39th Session of OIC Foreign Ministers Council issues Djibouti Declaration

November 17, 2012

The 39th session of the Council of Foreign Ministers of the Organization of Islamic Cooperation (OIC) member states was concluded in Djibouti today following two days of deliberations. Vice Foreign Minister Prince Abdulaziz bin Abdullah bin Abdulaziz led the Saudi delegation to the gathering, which was held under the theme “Solidarity for Sustainable Development.”

In his address, Prince Abdulaziz highlighted the Kingdom’s efforts to promote Islamic solidarity and interreligious dialogue. He pointed to the initiative of the Custodian of the Two Holy Mosques King Abdullah bin Abdulaziz to establish a center for dialogue between Islamic sects, adding that the King Abdullah bin Abdulaziz International Center for Interreligious and Intercultural Dialogue will be opened in Vienna on November 26.

The Vice Foreign Minister also discussed the Palestinian cause and the Arab-Israeli conflict, characterizing them as “the fulcrum of struggle in the Middle East.” He declared, “The international community should shoulder its political and ethical responsibilities to press Israel to give back rights to their legal owners, to stop all arbitrary and inhumane acts against the Palestinian people and to fulfill aspirations of the Palestinian people in establishing their state with Al-Quds [Jerusalem] as its capital.”

Prince Abdulaziz noted that Saudi Arabia has made efforts to assist Muslims around the world, including those in Afghanistan, Somalia, Yemen, and Syria. The Kingdom has helped find political solutions for crises, he continued, while also providing financial and humanitarian assistance to those in need.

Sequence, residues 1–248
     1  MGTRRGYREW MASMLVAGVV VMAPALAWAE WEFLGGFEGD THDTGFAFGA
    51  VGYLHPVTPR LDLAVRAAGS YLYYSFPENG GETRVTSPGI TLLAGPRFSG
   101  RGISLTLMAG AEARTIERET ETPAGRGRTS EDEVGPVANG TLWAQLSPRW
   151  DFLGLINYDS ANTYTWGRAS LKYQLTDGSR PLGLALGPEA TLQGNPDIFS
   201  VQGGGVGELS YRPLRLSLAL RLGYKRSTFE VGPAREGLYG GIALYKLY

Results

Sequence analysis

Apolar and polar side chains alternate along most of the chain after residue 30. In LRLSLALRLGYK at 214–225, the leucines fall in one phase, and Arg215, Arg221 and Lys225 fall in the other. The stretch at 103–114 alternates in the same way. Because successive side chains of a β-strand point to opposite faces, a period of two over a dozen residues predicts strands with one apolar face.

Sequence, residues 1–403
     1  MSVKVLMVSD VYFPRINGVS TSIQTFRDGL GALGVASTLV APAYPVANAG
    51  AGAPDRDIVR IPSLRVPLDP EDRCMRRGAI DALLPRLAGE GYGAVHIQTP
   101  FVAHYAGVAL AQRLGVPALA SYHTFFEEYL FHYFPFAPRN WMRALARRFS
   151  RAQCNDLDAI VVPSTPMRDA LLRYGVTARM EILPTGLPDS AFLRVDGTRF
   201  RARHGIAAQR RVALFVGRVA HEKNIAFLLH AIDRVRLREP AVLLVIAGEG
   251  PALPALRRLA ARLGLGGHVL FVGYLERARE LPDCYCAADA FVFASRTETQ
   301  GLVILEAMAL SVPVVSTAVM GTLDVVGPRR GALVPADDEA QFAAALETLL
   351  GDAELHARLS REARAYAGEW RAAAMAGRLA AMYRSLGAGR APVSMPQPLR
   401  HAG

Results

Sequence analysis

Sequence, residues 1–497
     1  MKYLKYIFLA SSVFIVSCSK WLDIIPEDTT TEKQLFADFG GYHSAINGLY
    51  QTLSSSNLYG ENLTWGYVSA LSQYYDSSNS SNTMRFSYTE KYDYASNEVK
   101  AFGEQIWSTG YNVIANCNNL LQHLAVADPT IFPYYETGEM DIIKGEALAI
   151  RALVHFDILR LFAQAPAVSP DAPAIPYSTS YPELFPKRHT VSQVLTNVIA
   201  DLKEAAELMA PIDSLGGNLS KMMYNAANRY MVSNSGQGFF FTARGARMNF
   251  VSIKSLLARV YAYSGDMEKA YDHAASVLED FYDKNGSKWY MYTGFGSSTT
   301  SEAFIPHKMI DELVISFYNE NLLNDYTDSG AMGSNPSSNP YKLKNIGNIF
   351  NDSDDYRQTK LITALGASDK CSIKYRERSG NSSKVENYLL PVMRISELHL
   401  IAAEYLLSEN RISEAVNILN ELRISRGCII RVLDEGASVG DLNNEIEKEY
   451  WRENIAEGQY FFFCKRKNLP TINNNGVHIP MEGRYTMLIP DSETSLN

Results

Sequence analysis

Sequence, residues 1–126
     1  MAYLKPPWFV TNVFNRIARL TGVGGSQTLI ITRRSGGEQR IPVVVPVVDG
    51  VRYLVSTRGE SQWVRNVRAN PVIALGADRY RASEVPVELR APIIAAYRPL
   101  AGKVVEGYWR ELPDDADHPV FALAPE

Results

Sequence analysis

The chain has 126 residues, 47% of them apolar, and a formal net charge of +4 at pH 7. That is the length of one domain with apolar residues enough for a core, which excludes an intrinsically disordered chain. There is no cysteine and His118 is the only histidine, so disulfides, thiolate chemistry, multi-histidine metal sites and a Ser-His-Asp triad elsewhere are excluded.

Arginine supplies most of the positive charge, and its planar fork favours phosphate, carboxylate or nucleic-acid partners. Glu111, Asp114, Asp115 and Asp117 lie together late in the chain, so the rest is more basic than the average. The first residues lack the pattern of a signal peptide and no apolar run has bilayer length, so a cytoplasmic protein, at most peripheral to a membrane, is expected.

Finally, Prince Abdulaziz announced the Kingdom’s nomination of Iyad bin Amin Madani to the post of OIC Secretary General for the next term. If successful, Madani will be the first Saudi to hold that position.

At the conclusion of the session, the OIC Foreign Ministers released the Djibouti Declaration, in which they reiterated their backing of the Palestinians’ U.N. bid. “We renew our full support for the just cause of Palestine and the rights of Palestinian people to mobilize international support for their inalienable legitimate rights, including the right to self-determination and return,” the statement said. “We affirm our full support to the Palestinian move to seek observer status for the State of Palestine at the U.N. and call upon friendly countries to support that. We also condemn the continued inhuman and illegitimate blockade of the Gaza Strip and demand Israel, as the occupying power, to immediately end this illegal collective punishment of the Palestinian people, to lift the blockade fully.”

The ministers condemned the propagation of religious hatred and reaffirmed “the principles contained in the inter-faith and intercultural dialogue initiative of the Custodian of the Two Holy Mosques King Abdullah bin Abdulaziz Al-Saud, which was adopted by the World Conference on Dialogue of 2008 in Madrid against defamation of religions and their symbols.” They welcomed King Abdullah’s initiative to encourage dialogue between Muslims, saying, “We consider this a practical way of reconciling juristic opinions among Muslims for the sake of safeguarding the unity of the Islamic Ummah.”

Addressing a series of other issues, the Djibouti Declaration welcomed the agreement reached by the various segments of the Syrian opposition on November 11 in Doha; condemned the repression of Rohingya Muslims; supported the resolution adopted on the border dispute between Djibouti and Eritrea; and expressed solidarity with Mali in its struggle against armed groups.

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